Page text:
Following a late-March phone call with Chinese President Xi Jinping, the US leader struck a dramatically somber and conciliatory tone. “Just finished a very good conversation with President Xi of China. Discussed in great detail the CoronaVirus that is ravaging large parts of our Planet,” declared a visibly somber Trump over Twitter (March 27). “China has been through much & has developed a strong understanding of the Virus. We are working closely together. Much respect!”

On his part, during the fateful phone call, the Chinese president made it clear to his American counterpart: “Both sides will benefit if we cooperate, both will lose if we fight each other,” since “[c]ooperation is the only correct choice. I hope the U.S side could take real actions. The two sides should work together to enhance cooperation fighting the virus and develop non-confrontational.”

A Case for G2 Cooperation

The constructive exchanges between the two world leaders paves the way for what the late US National Security Adviser Zbigniew Brzezinski termed as G2 (“Group of 2”) cooperation in a sustained and decisive manner.  With China having largely contained the crisis at home, it’s industrial behemoth has shifted to producing much-needed medical equipment, which is of existential necessity for countries across the world.

Desperately short of medical supply and basic equipment, Trump has activated the Defense Production Act, which facilitates war-time-like industrial-military complex cooperation for emergency purposes. At the same time, the US has commenced airlifting crucial medical supplies from China, the world’s leading production hub. There are as many as 22 scheduled flights between Shanghai and New York, with the first one bringing in “80 tons of gloves, masks, gowns and other medical supplies” according to The New York Times.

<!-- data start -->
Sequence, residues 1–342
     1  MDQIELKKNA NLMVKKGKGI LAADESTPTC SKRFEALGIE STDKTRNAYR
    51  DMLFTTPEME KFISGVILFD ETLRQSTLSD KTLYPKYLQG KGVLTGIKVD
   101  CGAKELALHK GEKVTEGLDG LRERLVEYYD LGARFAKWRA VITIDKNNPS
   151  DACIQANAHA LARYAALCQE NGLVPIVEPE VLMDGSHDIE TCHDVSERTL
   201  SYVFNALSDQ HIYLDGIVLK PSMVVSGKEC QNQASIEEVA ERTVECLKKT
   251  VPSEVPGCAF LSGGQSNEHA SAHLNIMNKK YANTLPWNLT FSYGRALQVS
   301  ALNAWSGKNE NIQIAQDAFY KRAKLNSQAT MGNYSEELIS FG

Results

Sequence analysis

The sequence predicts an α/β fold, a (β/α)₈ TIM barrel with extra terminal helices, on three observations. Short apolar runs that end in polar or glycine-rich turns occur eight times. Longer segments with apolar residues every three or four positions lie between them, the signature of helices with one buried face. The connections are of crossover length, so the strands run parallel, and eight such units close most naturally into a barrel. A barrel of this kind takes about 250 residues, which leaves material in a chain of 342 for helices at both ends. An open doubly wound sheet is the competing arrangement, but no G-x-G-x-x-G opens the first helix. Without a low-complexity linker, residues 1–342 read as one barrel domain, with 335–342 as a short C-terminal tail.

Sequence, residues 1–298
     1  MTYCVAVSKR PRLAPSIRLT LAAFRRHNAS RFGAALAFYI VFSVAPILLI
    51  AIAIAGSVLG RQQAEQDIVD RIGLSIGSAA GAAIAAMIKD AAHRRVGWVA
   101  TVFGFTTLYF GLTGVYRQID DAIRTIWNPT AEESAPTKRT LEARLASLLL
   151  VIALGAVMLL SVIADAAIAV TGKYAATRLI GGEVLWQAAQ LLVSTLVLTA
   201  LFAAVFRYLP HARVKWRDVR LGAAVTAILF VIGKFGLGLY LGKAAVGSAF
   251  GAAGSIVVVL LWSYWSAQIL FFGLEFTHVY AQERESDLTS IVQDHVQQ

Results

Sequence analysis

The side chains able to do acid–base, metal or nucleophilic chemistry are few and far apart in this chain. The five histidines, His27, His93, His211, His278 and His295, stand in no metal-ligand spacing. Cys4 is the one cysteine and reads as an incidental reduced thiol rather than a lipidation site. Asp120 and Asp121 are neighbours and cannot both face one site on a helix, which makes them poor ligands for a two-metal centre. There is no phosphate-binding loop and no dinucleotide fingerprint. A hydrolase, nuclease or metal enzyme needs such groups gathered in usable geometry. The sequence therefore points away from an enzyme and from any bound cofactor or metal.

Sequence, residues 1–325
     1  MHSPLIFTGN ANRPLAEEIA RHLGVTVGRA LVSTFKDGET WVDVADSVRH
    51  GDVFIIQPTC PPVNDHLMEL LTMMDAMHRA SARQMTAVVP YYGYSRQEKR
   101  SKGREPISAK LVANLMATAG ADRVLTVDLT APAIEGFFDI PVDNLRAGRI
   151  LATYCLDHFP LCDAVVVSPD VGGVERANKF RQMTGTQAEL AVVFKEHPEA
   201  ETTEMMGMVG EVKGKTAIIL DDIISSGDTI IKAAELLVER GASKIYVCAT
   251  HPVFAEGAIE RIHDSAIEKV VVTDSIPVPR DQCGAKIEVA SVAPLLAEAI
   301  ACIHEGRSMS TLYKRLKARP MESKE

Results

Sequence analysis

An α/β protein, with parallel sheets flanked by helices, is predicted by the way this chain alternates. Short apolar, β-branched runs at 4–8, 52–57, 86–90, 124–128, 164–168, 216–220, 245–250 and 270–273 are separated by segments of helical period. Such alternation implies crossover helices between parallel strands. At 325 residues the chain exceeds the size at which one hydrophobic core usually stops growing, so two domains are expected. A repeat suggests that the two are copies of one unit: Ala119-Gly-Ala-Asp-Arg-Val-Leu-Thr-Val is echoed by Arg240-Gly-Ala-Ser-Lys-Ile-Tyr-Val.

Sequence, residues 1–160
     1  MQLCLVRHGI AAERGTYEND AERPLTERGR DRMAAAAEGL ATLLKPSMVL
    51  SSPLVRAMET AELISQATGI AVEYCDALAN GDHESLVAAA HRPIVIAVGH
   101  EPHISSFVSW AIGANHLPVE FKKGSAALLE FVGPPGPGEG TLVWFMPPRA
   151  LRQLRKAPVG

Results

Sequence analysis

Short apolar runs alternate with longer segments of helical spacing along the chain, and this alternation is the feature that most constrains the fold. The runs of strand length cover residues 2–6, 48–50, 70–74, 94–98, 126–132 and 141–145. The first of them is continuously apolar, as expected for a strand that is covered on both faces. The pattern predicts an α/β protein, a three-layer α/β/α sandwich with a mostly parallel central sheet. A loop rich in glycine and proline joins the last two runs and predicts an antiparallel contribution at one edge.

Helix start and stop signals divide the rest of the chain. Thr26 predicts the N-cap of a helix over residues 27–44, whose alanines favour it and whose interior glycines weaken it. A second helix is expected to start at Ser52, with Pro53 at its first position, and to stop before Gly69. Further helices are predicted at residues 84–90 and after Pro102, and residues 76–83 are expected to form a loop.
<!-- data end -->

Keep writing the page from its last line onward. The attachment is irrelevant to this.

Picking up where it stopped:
But even if the US and China manage to contain this domestic crisis, the pandemic’s spread across the rest of the world will boomerang soon as globalization returns to a semblance of normalcy. What’s at stake is a classic collective action problem, whereby the shared crisis can’t be resolved unless there is a sustained regime of cooperation, especially among the biggest players. 

In Asia, the likes of Singapore, Vietnam, Taiwan, and Hong Kong have managed to prevent a large-scale outbreak through proactive preventative measures, including robust monitoring of flights from hotspots and turbocharged contact-tracing before any en masse, intra-community transmission. On its part, South Korea largely contained an outbreak without resorting to large-scale lockdowns, thanks to mass testing, targeted quarantines, and state-of-the-art public information campaigns. 

However, two problems remain. A large number of developing nations in Asia and beyond are massively underreporting the crisis, largely thanks to lack of test kits and, in some cases, the tantalizing incentive to coverup under besieged authoritarian governments. Meanwhile, lockdowns could also become extremely prohibitive for developing nations with weak economic foundations and tens of millions of informal sector workers, who live on a hand-to-mouth daily wage. 

And this brings us to the second problem. Even successful Asian countries could face a new wave of infections once they reopen their borders to heavily affected nations, including those from the West. Thus, they also have an incentive to assist and facilitate Sino-American cooperation against the pandemic. The US, China, and more developed Asian nations should pool their immense resources and best practices for the benefit of the most vulnerable nations in the region and beyond. Thus, the lesson is clear: we either hang together or get hung alone by this new plague.